Ever since the population was told to remain indoors to combat the current pandemic, the number of short-term working arrangements reported to the Federal Employment Agency (BA) has reached a record high. The BA has now published its initial evaluation for March in collaboration with the Federal Ministry of Labour and Social Affairs (BMAS), according to which around 470,000 short-time working arrangements were reported to the BA throughout Germany in March.
By way of comparison, an average of around 1,300 companies reported short-time working arrangements each month in 2019. Only 1,900 short-time working arrangements had been reported by February 2020. There is a high demand in all federal states. The reports are being sent from almost all industries – unlike in the financial crisis of 2008/2009, which mainly affected the manufacturing sector. Some of the most affected areas include trade, hotels and catering. The 470,000 reports indicated above were measured as part of a special evaluation carried out by the BA. The figures include all reports submitted to the BA by 27 March 2020, but they do not represent the official statistics.
Hubertus Heil, Federal Minister of Labour:
“Overcoming the corona pandemic will be a historic effort. We may be exposed to this crisis, but we will not surrender. Despite our many concerns and uncertainties, we also have reason to be hopeful. We have one of the strongest welfare states in the world, and we’ve built up reserves for hard times during our good years. Our democracy is strong enough to withstand a crisis and has already launched comprehensive protective measures in the shortest possible time. And we have millions of heroes who continue to excel themselves at this difficult time – not only in our hospitals, but also in our local neighbourhoods. Together, we will guide our country safely through the crisis. We’re supporting our citizens as much as possible with economic aid, short-time working allowance, continued wage payments for parents whose children cannot currently be looked after at schools or nurseries, and our welfare package for the self-employed and other people. Our aim is to ensure everyone’s health and safety, prevent redundancy and guarantee social security”.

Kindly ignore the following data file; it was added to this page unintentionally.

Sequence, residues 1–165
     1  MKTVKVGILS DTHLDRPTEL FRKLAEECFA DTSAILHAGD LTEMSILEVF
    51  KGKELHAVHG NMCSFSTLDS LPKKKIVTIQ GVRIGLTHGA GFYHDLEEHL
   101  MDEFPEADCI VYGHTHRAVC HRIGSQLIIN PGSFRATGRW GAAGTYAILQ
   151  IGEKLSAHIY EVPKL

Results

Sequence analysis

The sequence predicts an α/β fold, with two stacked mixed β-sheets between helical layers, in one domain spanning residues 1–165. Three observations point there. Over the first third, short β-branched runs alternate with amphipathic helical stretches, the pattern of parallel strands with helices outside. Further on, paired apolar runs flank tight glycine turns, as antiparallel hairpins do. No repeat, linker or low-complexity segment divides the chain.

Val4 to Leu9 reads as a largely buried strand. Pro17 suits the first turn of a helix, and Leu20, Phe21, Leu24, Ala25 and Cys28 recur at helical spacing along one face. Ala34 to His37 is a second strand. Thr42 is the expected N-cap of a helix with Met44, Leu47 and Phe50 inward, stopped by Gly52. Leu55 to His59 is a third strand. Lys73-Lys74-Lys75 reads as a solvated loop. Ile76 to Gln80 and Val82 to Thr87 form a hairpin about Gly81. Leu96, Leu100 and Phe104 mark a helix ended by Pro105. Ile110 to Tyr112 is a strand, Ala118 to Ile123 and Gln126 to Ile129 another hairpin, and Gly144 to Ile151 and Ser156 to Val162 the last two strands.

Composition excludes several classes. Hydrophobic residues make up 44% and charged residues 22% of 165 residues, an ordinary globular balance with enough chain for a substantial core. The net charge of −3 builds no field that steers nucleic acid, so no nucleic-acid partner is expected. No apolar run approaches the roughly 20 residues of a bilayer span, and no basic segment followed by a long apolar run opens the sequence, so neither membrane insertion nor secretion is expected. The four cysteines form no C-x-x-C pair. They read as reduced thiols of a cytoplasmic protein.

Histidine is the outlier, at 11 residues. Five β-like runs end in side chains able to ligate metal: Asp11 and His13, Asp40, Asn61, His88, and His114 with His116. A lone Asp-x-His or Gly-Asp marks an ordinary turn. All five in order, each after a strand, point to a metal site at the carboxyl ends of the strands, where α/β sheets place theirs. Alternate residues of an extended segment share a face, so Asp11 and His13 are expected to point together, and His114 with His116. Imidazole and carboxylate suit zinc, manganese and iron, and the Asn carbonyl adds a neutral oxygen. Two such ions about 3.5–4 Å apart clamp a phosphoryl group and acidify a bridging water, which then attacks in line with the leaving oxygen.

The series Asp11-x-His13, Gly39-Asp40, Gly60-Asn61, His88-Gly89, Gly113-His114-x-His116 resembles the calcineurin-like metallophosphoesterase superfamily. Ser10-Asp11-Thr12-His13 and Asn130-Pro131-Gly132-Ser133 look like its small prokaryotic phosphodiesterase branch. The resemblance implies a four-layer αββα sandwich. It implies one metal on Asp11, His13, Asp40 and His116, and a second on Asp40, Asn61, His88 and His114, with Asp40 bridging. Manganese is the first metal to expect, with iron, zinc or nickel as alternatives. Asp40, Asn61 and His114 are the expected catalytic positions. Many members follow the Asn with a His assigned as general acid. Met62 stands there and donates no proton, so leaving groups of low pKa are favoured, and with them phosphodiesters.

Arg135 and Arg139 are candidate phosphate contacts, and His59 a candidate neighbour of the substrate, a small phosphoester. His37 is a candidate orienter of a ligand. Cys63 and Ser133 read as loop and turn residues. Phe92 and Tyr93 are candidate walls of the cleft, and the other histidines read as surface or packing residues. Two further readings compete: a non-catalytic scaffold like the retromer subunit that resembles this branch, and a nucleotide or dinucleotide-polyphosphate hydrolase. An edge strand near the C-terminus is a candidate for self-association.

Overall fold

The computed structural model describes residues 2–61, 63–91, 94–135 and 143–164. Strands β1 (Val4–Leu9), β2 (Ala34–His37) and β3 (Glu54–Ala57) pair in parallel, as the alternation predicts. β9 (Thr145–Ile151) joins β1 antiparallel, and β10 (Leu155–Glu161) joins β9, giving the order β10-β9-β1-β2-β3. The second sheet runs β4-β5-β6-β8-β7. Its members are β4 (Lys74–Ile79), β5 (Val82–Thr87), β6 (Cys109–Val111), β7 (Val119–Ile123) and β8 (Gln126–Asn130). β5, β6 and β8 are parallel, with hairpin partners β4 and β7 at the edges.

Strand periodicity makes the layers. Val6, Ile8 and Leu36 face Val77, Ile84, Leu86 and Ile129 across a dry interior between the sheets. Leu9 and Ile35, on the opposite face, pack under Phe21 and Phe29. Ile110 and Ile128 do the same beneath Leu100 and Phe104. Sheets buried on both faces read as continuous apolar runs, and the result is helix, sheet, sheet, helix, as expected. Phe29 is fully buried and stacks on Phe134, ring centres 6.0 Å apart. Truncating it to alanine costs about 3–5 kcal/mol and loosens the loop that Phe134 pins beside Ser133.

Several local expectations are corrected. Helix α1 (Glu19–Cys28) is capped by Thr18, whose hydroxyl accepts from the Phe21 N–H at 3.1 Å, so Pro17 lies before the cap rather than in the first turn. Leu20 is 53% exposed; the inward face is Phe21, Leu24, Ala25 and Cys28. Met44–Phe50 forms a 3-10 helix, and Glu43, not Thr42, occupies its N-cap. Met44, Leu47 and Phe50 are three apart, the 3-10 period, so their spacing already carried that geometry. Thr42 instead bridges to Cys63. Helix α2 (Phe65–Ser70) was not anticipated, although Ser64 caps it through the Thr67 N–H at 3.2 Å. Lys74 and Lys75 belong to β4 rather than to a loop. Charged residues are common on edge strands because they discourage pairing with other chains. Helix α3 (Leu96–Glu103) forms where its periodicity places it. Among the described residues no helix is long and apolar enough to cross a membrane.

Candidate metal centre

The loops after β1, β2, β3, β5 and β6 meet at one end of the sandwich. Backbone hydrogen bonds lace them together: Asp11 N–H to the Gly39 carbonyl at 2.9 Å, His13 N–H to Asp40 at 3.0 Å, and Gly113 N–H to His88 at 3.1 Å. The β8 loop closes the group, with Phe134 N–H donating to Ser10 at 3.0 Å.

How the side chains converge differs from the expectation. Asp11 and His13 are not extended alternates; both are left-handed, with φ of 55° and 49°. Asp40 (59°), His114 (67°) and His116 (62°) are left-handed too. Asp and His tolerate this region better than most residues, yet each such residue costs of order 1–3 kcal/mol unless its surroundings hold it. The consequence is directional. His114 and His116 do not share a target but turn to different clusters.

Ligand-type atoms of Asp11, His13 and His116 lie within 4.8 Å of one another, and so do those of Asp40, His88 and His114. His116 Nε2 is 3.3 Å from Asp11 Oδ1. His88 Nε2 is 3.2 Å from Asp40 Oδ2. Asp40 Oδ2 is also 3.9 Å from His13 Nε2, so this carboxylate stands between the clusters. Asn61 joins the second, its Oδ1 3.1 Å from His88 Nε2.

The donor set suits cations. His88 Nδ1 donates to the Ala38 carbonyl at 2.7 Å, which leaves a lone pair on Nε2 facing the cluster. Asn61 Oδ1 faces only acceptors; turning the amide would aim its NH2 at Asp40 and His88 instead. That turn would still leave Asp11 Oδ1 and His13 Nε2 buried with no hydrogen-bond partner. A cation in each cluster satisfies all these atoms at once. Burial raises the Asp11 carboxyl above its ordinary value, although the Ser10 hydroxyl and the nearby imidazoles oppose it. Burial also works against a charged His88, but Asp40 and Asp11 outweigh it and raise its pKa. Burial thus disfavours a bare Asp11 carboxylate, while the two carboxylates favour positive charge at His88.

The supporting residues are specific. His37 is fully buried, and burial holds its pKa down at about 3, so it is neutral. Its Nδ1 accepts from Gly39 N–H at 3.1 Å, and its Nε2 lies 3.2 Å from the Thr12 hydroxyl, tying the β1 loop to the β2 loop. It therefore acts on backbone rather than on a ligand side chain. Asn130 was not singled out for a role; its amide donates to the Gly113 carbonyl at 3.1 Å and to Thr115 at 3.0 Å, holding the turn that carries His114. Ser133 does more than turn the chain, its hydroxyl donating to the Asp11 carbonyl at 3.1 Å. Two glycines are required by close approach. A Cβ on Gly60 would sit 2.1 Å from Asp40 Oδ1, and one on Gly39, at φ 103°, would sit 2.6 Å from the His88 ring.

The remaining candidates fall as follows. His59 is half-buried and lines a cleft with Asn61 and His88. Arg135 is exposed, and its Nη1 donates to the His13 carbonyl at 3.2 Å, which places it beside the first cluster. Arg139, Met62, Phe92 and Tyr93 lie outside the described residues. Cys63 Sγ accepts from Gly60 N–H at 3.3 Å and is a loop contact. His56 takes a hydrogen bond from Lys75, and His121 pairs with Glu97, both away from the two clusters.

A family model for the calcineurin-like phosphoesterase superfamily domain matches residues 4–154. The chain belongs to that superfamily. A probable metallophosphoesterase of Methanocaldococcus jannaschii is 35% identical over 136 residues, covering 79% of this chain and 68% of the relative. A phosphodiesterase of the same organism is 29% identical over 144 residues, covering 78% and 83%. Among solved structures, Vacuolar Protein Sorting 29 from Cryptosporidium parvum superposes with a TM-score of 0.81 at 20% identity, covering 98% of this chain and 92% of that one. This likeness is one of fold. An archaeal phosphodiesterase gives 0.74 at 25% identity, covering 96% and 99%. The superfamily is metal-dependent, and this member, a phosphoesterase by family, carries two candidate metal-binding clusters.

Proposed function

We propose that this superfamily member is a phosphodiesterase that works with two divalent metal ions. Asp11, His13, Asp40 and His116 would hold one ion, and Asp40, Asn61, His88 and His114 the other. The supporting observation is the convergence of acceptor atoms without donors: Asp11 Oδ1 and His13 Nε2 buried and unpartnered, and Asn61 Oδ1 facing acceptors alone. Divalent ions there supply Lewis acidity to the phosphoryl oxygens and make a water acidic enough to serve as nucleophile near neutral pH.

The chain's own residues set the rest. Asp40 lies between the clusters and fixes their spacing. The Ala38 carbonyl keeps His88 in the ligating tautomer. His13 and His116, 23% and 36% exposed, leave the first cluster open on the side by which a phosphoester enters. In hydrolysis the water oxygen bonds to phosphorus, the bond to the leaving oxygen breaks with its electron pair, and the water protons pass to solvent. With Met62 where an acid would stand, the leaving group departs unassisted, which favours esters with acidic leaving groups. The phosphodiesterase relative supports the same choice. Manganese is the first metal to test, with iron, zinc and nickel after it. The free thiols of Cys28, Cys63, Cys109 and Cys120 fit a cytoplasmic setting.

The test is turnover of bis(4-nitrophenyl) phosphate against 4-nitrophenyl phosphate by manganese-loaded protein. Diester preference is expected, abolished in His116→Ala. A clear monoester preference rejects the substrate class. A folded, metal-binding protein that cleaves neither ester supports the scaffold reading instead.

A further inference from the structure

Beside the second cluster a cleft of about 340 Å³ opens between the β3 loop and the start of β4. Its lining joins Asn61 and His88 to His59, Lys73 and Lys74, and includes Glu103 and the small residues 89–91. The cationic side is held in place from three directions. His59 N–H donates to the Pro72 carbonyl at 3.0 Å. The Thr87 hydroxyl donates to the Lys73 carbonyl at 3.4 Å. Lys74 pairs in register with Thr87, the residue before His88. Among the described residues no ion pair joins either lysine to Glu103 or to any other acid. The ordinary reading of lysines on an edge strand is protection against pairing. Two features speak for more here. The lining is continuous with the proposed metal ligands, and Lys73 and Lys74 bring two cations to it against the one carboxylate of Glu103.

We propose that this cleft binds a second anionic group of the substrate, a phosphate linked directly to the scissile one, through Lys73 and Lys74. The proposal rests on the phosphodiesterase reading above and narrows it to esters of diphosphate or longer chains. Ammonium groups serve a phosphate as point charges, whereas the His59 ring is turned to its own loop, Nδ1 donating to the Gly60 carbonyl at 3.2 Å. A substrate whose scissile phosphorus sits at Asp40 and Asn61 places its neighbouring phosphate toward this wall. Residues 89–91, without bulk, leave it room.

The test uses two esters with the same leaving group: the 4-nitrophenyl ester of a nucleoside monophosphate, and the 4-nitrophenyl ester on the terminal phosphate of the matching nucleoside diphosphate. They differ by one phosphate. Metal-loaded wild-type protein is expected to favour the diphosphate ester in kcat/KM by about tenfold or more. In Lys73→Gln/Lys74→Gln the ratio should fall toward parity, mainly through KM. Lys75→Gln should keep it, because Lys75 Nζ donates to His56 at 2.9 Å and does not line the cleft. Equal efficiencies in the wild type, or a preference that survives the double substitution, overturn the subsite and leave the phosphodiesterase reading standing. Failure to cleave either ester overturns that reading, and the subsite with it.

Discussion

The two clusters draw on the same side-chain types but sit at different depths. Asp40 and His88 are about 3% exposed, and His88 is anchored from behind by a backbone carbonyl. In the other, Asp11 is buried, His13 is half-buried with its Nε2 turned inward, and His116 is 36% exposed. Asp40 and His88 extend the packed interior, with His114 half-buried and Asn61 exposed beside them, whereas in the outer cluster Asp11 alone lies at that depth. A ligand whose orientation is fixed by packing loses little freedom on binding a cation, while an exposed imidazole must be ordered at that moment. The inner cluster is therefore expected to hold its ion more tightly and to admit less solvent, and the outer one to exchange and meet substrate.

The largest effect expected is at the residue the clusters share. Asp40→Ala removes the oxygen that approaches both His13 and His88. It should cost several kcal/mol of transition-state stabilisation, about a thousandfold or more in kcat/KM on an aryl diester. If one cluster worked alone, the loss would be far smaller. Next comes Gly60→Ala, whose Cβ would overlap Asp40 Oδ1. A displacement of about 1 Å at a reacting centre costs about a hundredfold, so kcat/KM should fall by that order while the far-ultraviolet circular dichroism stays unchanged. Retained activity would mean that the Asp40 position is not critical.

Detlef Scheele, Chairman of the BA:
“Short-time work will be our weapon of choice when tackling this historic challenge for the economy and labour market. We’re safeguarding people’s jobs and helping companies keep hold of their employees, highlighting the importance of the Federal Employment Agency as an anchor of stability for our economy and welfare state. Although we’re not yet in a position to reliably predict how many people will be affected by short-time working arrangements, we expect the number to be much higher than in the economic crash, when 1.4 million people had reduced working hours at the peak of the crisis. We have already fast-tracked a request for an additional 10 billion euros from our Administrative Board and the Federal Ministry of Labour. Nobody has to fear they might be left behind, as short-time working allowance is a standard benefit paid out to anyone who meets the requirements”.
The BA has restructured its organisation to quickly and comprehensively process applications and respond to all enquiries. It is currently focusing on offering advice on short-time working arrangements and quickly granting short-time working allowance, unemployment benefits and basic security benefits.
The teams responsible for short-time working arrangements have been reinforced from 800 to around 4,500 employees – with more measures set to follow. In addition, approximately 18,000 members of staff are now working on the telephone helplines – there are usually around 4,000 call centre operators. The BA’s telephone network has been significantly expanded; the usual service hotlines have been supplemented with local numbers for anyone affected by the crisis.
The BA is now asking employers to make greater use of its online services. Employers can report short-time working arrangements and apply for short-time working allowance online – it’s quick, safe and flexible.
Employers and employees can also find more information on short-time working arrangements and the relaxed regulations on the BA and BMAS websites: www.arbeitsagentur.de and www.bmas.bund.de.